Interesting Fact about yourself: At my UMBC new student orientation I won a shirt for singing the school song enthusiastically.
Are you involved on-campus: I am. I’m leading an Alternative School Break service trip to the Gesundheit Institute over spring break, and I’m also on the Ethics Bowl team. Our team is a 4-year qualifier for the national ethics bowl competition. I also participate in the Shriver Center’s service-learning program, so I volunteer every week at a rehabilitation facility that works with people who have MS (MS Swim).
What do you like about working at the Financial Aid Office: I think most people are fulfilled by a job that serves others, but financial aid does that in a particular way. In a large part we’re the intermediary between the government and students, but I like to think that we play an integral role in helping people go to college. I know I couldn’t attend UMBC without financial aid, and there’s something really substantial in being able to help people better themselves. In my mind, education is a right, and UMBC makes that possible for thousands of students every year. That’s why I work here. We do good things.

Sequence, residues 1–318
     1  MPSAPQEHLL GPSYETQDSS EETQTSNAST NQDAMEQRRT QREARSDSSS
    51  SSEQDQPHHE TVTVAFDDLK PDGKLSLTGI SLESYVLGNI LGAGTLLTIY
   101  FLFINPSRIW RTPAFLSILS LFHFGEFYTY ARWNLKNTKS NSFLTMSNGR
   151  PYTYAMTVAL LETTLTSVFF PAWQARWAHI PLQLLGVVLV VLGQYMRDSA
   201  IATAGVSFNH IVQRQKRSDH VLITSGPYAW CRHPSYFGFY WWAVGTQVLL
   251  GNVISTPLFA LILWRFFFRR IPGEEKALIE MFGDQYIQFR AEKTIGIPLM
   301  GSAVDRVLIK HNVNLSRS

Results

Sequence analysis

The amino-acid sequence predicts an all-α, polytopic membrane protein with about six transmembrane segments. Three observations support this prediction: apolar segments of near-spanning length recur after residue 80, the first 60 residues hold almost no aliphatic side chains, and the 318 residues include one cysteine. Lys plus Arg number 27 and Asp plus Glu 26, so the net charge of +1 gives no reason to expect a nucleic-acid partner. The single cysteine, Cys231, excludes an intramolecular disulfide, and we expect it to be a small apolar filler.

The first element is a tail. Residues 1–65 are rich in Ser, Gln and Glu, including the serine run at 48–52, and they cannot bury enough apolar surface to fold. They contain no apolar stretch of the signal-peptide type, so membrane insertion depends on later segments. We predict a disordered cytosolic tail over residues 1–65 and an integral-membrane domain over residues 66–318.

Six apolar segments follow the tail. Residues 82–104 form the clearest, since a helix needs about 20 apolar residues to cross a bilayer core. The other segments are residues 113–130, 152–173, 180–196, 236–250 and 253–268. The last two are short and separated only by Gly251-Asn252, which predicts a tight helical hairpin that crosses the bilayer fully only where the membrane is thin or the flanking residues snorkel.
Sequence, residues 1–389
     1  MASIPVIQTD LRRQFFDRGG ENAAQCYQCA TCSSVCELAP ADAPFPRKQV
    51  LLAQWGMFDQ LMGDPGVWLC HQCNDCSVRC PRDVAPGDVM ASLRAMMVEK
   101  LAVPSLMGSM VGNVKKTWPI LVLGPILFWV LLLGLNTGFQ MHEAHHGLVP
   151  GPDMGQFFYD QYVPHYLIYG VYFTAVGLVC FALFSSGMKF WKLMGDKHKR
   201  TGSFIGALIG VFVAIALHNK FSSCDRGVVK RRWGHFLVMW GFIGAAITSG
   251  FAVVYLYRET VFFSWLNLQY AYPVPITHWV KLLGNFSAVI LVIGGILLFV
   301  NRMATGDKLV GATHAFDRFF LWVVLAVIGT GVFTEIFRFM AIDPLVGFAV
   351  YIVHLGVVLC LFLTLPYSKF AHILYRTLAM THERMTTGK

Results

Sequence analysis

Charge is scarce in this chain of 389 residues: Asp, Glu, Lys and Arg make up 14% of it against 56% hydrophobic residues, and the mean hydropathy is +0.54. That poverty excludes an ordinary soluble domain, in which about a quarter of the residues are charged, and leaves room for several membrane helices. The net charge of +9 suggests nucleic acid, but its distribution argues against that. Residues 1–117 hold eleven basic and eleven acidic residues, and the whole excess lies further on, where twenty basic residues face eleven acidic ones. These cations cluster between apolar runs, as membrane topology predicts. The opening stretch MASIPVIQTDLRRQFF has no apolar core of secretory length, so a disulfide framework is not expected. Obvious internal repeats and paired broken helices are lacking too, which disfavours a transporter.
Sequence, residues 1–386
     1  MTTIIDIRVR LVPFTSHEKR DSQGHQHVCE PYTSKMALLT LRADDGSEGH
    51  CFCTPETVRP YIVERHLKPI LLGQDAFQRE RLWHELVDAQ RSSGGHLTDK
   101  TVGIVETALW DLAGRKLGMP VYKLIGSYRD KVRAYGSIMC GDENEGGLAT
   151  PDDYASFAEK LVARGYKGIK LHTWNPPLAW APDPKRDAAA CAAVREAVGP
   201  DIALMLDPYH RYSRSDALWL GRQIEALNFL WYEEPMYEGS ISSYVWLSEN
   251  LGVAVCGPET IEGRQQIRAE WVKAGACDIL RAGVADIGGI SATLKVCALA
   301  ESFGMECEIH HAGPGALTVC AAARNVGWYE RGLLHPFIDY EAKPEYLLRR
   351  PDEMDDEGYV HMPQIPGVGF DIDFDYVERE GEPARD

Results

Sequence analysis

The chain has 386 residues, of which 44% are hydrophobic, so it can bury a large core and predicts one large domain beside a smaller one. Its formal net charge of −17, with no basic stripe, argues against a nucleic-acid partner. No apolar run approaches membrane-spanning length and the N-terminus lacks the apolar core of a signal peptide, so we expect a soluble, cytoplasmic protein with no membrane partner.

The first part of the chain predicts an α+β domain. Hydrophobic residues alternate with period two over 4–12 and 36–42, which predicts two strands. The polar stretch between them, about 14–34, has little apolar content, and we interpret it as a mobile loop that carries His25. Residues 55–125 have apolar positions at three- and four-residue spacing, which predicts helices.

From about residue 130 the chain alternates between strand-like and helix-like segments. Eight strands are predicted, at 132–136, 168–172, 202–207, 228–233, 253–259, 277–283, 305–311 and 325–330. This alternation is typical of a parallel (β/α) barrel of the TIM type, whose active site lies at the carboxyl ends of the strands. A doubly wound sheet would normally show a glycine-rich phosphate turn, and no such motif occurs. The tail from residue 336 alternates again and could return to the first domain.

What advice would you offer to students about financial aid/the office: Don’t put it off. It’s not like a class where you can blow off your homework all semester and still get a good grade. This stuff is serious. The process is long, and it can be difficult to keep track of what’s going on. The best thing you can do is to complete the FAFSA as soon as possible, turn in your documents if we request them, and utilize our website to educate yourself. Before I worked in financial aid, I was frustrated that things seemed so complicated, and I blamed the office for it. The truth is that things are complicated, but you can protect yourself by going on our website and learning exactly what you need to do to get the most money possible.